> Who this guide is for
> Social solutions to social problems

What makes a small social network site different from a big one?
> You control the computer that runs the site
> You can modify the software
> You get to make the social rules and policies
> Wait, who is “you”?

Why run a small social network site?
> Software can be complicated where necessary
> You can have hyper-specific norms
> Why to NOT run a small social network site

What you can do today
> Keep it small
> You are the party host
> Provide a custom introduction to your network for every user
> Group activities
> Keep it interconnected
> Funding
> The bus problem
> Code of Conduct
>> Enforcement
> Technical recommendations
>> Examples of services you can provide

What we need to do in the future
> Places where we need better tech
>> Fluidity of identity and the ability to migrate
>> Let people keep things in the community
>> Server forking should be easy
>> Lean software that doesn’t have to scale
> More on scale
> Beyond local and public: the neighborhood

Conclusion
> Hard questions
> So what do you, the reader, do next?
>> If you are comfortable with servers and hosting
>> If you are not comfortable with that but would like to learn
>> If learning the tech stuff is realistically not going to happen
> Running a small social network site is completely possible to do on the side

Acknowledgments

About the author

License

Older Versions”
dariuskazemi  socialmedia  socialnetworking  socialnetworks  2019  howto  technology  webdev  mastodon  software  social  community  communities  via:jenlowe 
7 weeks ago by robertogreco
Favicon Generator for all platforms: iOS, Android, PC/Mac...
"Why RealFaviconGenerator?

No hard decision
With so many platforms and icons, it's hard to know exactly what you should do. What are the dimensions of favicon.ico? How many Touch icons do I need? RealFaviconGenerator did the reseach and testing for you.

Done in 5 minutes
You spent hours on design, colors, graphics... How much time left for the favicon? Probably not much. But no worries, you only need a few minutes to tackle this task.

Compelling design, a platform at a time
Each platform comes with its own design requirements. You can't just use the same picture everywhere. RealFaviconGenerator knows this and lets you craft your icons platform per platform.

Instant feedback
How will Android display my icon? How will iOS round my Touch icon? No more guesswork. RealFaviconGenerator instantly shows you how your icons will look like."
webdev  icons  generator  tools  favicons 
10 weeks ago by robertogreco
Persona
"Persona is a compact, powerful and economic site builder; it is part of the Cargo set of web tools."
cms  webdesign  webdev  cargo  persona 
november 2019 by robertogreco
Free Bootstrap Themes, Templates, Snippets, and Guides - Start Bootstrap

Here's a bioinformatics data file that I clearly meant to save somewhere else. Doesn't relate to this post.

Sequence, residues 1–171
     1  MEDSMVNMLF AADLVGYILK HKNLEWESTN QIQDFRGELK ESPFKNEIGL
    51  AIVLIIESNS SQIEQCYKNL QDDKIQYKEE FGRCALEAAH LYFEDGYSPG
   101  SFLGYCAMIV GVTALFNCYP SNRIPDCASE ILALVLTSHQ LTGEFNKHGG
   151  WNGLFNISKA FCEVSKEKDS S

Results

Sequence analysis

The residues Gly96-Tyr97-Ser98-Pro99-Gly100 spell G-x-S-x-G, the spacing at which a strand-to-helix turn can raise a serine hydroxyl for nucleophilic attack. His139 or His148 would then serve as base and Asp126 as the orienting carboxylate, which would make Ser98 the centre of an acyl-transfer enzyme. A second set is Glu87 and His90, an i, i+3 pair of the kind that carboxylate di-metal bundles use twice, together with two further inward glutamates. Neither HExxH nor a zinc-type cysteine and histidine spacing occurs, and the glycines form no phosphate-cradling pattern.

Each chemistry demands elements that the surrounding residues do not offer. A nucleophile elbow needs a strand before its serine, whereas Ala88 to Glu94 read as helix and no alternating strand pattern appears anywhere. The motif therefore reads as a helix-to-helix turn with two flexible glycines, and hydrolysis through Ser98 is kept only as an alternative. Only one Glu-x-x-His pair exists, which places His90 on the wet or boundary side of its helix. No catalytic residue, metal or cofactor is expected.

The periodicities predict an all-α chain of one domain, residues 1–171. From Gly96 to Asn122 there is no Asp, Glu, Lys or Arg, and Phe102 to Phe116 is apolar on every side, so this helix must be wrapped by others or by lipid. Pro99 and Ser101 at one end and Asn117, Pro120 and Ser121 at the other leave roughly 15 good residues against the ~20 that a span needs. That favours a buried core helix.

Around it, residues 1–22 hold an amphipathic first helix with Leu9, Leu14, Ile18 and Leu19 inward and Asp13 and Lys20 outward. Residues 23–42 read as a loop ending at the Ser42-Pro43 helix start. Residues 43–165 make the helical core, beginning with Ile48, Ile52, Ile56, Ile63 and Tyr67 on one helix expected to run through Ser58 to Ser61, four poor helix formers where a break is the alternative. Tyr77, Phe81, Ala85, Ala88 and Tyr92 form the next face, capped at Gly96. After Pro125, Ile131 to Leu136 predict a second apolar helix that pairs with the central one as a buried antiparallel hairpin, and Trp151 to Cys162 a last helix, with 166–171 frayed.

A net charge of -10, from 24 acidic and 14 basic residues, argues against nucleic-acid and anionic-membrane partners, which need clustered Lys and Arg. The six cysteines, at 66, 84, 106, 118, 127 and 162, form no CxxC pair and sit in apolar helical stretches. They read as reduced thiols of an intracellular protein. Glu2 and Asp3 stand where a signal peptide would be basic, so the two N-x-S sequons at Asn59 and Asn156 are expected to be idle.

“Bootstrap themes, templates, and more to help you start your next project!

Start Bootstrap creates free, open source, MIT license, Bootstrap themes, templates, and code snippets for you to use on any project, guides to help you learn more about designing and developing with the Bootstrap framework, and premium Bootstrap products.”

[Seen here: https://mayaontheinter.net/ ]
css  opensource  bootstrap  framework  webdev  startbootstrap  templates 
october 2019 by robertogreco
GitHub - IanLunn/Hover: A collection of CSS3 powered hover effects to be applied to links, buttons, logos, SVG, featured images and so on. Easily apply to your own elements, modify or just use for inspiration. Available in CSS, Sass, and LESS.
“A collection of CSS3 powered hover effects to be applied to links, buttons, logos, SVG, featured images and so on. Easily apply to your own elements, modify or just use for inspiration. Available in CSS, Sass, and LESS. http://ianlunn.github.io/Hover/

[Seen here: https://mayaontheinter.net/ ]
animation  css  effects  github  ianlunn  css3  sass  less  webdev 
october 2019 by robertogreco
Bootstrap · The most popular HTML, CSS, and JS library in the world.
“Build responsive, mobile-first projects on the web with the world’s most popular front-end component library.

Bootstrap is an open source toolkit for developing with HTML, CSS, and JS. Quickly prototype your ideas or build your entire app with our Sass variables and mixins, responsive grid system, extensive prebuilt components, and powerful plugins built on jQuery.

Get started
Download”

[Seen here: https://mayaontheinter.net/ ]
css  html  javascript  bootstrap  framework  webdev  js  jquery  opensource 
october 2019 by robertogreco
Automatic Book Workshop
"This workshop was originally designed as a way for designers to explore the possibilities of web programming languages as tools for design and self-publishing. It could also be of interest to anyone interested in: learning or experimenting with the finer points of web typography, web-based archival or publishing tools, alternative models for presenting content on the web.

There are probably many differences we can point to between a book and a website (or between analog/digital, old/new, etc.), and most of them have been discussed exhaustively in other places. For the purposes of this workshop, we are interested less in the difference in these media but in how to apply the unique features of each to the other."